Read in Catalan

The verbal attacks from the Spanish government against the Catalan independence referendum are escalating, with only a month until 1st October. On Wednesday the Spanish deputy prime minister, Soraya Sáenz de Santamaría, said that Spain has its response to the "outrageous" law of Transitional Jurisprudence ready, and now this Friday she has said that "the democracy will act with all its weapons" to stop the referendum. 

For the deputy prime minister, the Catalan Government "is clearly setting out a challenge to the model of coexistence and democracy", which she believes "deserves an answer from the all the institutions of the [Spanish] state that is to the level of the circumstances". To this end, she warned that "the day they sign what they will have signed", referring to the call for the vote, "it will be them leaving the democracy, and the democracy will act will all its weapons".

Santamaría was speaking during the PP (Popular Party) interparliamentary meeting in Valencia. During her remarks, she pointed out that the state "has the full force of the law" and, argued that anyone acting within the framework of the law "does not have to have any fear applying the law with everything meant by the strength of a democracy".

"We are talking about a group of gentlemen who have decided that for them democracy is something else, that for them democracy is that the media cannot express its opinions, that the civil servants have to put themselves at their service, that everyone has to dance to their turne," she said.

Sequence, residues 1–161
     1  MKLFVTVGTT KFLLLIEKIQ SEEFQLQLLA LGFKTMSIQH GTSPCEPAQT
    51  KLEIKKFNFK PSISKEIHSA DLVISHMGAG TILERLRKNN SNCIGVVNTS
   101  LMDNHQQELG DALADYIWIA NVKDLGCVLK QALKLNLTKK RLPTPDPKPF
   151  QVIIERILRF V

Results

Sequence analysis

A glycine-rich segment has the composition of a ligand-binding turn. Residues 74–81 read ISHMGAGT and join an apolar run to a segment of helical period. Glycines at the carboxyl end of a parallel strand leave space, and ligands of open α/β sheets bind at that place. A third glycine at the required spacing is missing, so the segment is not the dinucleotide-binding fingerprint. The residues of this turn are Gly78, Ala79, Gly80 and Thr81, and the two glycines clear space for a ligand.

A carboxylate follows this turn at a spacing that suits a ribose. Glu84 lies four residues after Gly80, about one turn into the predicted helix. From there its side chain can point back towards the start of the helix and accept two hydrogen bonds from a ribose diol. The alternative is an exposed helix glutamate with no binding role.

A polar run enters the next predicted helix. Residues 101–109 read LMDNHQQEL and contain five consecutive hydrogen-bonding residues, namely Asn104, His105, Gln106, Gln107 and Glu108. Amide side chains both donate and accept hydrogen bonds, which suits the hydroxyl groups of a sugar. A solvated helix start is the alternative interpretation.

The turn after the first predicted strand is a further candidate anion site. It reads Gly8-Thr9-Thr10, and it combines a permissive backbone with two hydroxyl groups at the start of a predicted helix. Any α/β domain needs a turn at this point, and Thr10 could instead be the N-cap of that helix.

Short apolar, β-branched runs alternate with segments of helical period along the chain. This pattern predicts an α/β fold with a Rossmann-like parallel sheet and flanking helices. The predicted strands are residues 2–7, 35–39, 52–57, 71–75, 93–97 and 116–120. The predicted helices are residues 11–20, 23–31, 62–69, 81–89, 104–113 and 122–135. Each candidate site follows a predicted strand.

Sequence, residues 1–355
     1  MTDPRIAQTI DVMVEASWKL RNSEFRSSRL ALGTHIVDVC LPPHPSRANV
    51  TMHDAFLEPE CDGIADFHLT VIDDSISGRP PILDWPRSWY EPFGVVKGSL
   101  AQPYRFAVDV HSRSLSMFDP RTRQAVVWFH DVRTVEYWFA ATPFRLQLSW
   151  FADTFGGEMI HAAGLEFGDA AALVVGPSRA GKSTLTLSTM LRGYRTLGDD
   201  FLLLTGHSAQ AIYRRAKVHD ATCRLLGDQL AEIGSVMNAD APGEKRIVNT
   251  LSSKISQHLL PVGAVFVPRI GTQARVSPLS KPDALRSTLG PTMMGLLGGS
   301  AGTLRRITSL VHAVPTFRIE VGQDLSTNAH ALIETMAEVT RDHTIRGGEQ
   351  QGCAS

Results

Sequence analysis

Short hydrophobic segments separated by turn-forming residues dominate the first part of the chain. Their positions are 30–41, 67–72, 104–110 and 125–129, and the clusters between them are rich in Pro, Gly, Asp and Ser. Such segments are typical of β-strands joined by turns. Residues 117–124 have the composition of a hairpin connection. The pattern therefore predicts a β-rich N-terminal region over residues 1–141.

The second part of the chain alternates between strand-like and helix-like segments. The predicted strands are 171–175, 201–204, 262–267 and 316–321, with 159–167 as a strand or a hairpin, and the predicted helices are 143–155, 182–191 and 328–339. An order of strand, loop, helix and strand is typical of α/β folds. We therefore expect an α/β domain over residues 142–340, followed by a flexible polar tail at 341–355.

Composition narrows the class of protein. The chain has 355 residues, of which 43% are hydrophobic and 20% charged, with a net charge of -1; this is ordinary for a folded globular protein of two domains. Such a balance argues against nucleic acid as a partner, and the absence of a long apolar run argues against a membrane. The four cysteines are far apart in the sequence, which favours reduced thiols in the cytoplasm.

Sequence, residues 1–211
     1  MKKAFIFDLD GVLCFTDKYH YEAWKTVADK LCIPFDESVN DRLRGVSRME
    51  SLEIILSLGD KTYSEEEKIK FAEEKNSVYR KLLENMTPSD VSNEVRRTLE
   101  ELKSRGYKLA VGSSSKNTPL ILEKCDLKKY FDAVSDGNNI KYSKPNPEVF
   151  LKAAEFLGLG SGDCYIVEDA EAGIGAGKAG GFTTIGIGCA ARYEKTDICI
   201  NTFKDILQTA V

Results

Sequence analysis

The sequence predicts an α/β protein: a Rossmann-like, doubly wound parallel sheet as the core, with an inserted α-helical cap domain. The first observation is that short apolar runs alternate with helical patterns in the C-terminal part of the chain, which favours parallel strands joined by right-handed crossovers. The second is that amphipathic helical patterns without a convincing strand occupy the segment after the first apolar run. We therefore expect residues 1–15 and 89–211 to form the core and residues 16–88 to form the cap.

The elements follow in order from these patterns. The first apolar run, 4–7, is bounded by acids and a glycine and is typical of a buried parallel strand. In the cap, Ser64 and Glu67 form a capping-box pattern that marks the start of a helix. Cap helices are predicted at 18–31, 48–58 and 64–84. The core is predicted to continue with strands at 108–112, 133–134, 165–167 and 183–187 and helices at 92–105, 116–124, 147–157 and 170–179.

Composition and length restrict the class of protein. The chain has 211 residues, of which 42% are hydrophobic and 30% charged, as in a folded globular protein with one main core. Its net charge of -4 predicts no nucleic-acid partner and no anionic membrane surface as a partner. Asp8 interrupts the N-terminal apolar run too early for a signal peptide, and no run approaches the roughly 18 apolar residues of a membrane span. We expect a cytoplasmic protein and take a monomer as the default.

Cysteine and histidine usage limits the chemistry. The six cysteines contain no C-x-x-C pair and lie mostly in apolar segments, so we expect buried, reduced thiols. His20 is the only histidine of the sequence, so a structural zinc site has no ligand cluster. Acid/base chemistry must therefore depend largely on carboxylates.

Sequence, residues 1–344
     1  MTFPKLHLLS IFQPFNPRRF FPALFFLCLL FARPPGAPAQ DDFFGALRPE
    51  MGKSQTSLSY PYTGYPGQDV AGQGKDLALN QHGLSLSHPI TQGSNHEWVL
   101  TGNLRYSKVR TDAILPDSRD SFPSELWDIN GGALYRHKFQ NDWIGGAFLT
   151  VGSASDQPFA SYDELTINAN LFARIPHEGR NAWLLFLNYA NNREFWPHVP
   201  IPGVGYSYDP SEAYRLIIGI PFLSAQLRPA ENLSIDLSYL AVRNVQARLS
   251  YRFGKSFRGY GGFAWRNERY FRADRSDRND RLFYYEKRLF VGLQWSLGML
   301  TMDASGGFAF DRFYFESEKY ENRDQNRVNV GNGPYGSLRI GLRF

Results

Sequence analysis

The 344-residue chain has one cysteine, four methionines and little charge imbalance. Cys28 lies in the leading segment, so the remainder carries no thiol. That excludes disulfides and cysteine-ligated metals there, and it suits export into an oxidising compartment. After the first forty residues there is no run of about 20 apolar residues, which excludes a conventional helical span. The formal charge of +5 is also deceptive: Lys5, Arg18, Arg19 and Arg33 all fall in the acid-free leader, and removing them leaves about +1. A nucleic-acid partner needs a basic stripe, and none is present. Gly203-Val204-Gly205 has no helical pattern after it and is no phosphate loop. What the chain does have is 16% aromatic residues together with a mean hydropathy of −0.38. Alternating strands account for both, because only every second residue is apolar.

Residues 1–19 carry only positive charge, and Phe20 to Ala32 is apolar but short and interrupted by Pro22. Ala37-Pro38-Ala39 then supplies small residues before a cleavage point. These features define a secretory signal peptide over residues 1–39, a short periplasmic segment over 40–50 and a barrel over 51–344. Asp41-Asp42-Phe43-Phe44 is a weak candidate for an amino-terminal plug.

The PP politician noted that the referendum "is not officially declared at this time". She believes that this is because "it's easier to announce [one] than to sign [it]", but emphasised that the Spanish government hasn't been waiting for this moment to arrive. "From the first moment we have been taking decisions and measures. Since the [Catalan] Parliament gave the signal to start the [independence] process, the [Spanish] government has managed to cut back the different acts of the Catalan government," she said.

"We get to 1st September and they haven't convened the referendum, but the State of Law is demonstrating its strength so that this date does not materialise," she said. To support her point, she listed "the Constitutional Court banned any act to prepare the referendum, three months ago all the budgetary sections that could be used to pay for it were cancelled and 15 days ago the procedure to approve the referendum quickly was suspended" as well as the bans from public office in progress against "those who have taken decisions against the Constitutional Court, [Carme] Forcadell and her followers in the Board [of the Catalan Parliament]".